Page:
So Demelza runs away to the home of her friends Dr Enys and Caroline and Horace the pug (sadly, not a speaking part). And Poldark, because he loves England so much, lets her do so, so that he can organise a meeting with a comedy French general.

The general is impressed with Poldark’s home and swiftly asks to see his “impressive sword”. Poldark thinks he means the literal sword on the wall, so he takes that down and hands it to him. “Practice is the key with any weapon, as the ladies in France will testify” says the French general, who is, I think, played by Looney Tunes’ own Pepé le Pew.

Poldark ignores his penis-themed boasting and starts instead asking him leading questions about what Napoleon is planning, while his chum Dr Enys listens in and takes down all the details in a secret room beneath the floor, like in a really, really, really old episode of The Wire (like, hundreds of years old). He then dispatches a letter to London.

But gasp! The letter is intercepted on the way to London by the nefarious toffs. One of these, Merceron, the most nefarious of all toffs, runs off to snitch to the French general, who quickly decides to kill Poldark.

But larger gasp! He is stopped from doing so by Demelza who spies the general’s Achilles heel – the fact he is actually Pepé le Pew – and suggests that she hates her husband and that she would be really hot for someone who, instead of killing his enemies efficiently and cleanly, preferred to have impractically showy sword fights with them.

They have an impractically showy sword fight but it turns out that Poldark is just a pretty face and is a bit rubbish at swords compared with Pepé. At this point there should be footage of Demelza shrugging her shoulders and saying, “I guess I’m moving to France!” Instead, as Pepé is about to skewer him, George Warleggan turns up with old fangled pistols in each hand and shoots both Pepé and the nefarious toff. Even bigger gasp!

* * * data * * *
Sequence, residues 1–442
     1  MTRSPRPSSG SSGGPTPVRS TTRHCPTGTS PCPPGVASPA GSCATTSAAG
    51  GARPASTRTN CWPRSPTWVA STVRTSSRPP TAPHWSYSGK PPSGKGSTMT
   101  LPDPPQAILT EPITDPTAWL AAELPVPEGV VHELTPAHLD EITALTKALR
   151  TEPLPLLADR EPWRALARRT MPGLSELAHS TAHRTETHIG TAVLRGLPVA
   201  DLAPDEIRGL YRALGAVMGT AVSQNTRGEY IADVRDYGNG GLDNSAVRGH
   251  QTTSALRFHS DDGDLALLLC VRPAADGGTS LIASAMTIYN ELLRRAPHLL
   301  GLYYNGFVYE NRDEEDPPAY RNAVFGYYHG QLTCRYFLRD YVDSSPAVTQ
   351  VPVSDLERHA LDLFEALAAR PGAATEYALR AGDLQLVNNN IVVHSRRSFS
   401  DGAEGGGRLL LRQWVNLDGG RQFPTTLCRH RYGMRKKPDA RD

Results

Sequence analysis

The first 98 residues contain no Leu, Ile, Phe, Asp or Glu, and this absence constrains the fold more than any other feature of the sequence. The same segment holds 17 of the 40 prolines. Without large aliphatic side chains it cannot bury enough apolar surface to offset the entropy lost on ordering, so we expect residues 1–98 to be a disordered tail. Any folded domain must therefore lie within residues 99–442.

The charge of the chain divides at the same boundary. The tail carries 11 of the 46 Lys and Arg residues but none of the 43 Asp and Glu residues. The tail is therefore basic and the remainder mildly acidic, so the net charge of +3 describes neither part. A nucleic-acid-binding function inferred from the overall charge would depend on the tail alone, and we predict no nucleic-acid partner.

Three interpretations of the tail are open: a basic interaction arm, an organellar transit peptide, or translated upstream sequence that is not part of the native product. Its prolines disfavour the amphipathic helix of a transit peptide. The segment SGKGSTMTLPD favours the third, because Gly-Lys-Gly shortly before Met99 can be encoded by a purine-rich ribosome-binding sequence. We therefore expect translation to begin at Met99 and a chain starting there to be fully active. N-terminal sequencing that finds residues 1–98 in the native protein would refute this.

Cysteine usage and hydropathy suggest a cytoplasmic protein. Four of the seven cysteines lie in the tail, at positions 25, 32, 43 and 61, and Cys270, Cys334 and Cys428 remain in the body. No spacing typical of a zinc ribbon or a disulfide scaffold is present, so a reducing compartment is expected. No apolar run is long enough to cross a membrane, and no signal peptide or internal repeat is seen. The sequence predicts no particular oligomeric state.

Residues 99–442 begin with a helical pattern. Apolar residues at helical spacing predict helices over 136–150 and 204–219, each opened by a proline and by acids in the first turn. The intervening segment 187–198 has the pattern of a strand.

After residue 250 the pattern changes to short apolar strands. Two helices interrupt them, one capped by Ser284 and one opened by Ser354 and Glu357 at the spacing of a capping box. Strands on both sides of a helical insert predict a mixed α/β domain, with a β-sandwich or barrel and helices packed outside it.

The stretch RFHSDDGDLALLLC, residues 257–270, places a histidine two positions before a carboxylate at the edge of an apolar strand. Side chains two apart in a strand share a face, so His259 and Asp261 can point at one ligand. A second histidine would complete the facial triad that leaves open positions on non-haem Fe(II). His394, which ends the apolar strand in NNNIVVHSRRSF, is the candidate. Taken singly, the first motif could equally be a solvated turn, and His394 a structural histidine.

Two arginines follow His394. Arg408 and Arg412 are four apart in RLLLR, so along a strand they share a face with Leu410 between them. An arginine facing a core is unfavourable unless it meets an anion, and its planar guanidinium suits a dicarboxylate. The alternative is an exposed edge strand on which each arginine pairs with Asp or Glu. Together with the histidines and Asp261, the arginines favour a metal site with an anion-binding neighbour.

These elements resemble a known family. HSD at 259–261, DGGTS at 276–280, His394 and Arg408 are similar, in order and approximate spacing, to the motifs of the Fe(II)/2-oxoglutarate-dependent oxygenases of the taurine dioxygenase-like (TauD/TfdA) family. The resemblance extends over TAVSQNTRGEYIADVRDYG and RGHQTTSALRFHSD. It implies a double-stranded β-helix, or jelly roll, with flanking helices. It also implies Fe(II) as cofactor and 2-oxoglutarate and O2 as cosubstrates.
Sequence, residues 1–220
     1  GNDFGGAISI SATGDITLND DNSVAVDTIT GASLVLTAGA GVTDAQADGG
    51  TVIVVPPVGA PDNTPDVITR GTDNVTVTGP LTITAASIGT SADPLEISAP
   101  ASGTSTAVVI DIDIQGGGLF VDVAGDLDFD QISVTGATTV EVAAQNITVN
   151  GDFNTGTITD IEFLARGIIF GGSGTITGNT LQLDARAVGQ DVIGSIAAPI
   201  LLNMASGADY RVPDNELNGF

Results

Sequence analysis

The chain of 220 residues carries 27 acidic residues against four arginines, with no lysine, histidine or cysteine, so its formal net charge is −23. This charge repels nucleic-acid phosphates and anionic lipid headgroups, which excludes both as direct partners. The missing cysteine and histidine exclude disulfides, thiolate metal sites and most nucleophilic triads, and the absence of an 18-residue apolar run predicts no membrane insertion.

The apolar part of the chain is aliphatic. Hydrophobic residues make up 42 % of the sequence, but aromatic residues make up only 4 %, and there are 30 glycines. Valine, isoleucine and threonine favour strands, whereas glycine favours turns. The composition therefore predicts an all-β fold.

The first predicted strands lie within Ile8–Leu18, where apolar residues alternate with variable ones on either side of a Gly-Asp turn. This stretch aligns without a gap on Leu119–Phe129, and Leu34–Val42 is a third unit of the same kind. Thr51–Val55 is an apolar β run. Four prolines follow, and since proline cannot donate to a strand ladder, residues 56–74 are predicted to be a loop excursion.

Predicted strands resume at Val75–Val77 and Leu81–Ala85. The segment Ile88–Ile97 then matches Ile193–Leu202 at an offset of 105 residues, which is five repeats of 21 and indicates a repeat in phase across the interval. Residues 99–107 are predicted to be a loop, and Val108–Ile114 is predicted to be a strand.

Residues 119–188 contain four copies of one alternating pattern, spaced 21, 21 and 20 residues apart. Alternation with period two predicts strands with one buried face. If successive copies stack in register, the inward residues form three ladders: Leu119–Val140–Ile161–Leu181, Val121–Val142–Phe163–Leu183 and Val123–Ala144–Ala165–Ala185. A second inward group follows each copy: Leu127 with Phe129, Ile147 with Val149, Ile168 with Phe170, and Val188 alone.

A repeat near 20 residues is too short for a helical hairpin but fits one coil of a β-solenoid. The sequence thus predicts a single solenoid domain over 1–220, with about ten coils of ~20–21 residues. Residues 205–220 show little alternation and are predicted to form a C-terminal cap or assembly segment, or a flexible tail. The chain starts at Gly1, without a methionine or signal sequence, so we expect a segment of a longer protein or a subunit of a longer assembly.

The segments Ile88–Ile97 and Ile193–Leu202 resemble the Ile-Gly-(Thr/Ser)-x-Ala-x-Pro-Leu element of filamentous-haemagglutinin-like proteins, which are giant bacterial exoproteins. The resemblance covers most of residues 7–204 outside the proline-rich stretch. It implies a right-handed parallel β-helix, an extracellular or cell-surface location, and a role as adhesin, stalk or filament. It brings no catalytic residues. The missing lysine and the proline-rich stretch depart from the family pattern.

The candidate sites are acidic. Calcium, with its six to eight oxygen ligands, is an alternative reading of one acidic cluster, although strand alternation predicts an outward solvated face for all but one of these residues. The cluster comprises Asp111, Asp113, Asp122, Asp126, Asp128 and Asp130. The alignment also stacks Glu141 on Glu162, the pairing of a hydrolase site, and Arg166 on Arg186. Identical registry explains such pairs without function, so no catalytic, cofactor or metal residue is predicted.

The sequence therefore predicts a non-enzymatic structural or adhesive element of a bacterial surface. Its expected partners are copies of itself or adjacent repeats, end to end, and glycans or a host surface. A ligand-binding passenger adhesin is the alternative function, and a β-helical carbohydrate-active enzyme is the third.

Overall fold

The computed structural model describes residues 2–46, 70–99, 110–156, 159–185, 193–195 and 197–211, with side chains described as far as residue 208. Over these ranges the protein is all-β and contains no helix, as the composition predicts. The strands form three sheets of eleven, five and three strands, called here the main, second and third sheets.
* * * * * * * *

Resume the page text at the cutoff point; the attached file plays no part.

Newfound respect

Poldark then tries to befriend George over a glass of brandy, but George is having none of it. This is fair enough. Poldark’s hunkiness has basically ruined George’s life. Poldark, however, has gained newfound respect for his old enemy. “We’re not so different, you and I,” his expression seems to say.

“Which could explain why your, uh, ‘son’ looks remarkably like me?” his expression adds hopefully.

Stuff happens to other less essential cast members too. Another baby is born. There’s a wedding. Dr Enys, Caroline and Horace the pug repair their tripartite marriage. George Warleggan takes his Poldarkian son away from Cornwall and off to London where the brooding tyke will no doubt mine for copper on the cobbled streets and ride windswept horses across the rooftops until George goes mad and starts hallucinating his dead wife again.

And then the two nefarious toffs are arrested and tried by the man who played Poldark in the 1970s version of this story (Robin Ellis) who is apparently a judge now. He and new Poldark high-five (well, an olden-days version of the high-five: they nod appreciatively at each other). Poldark is then recruited by the secret service to engage in spycraft over in France and Demelza seems perfectly fine with this, despite the fact that his one spying skill appears to be being a sexy honey trap for enemy agents. I mean, what’s he going to do? Walk bare-chested from the Seine every day until they tell him all their secrets? You know, that could work. I await a spin-off series with interest.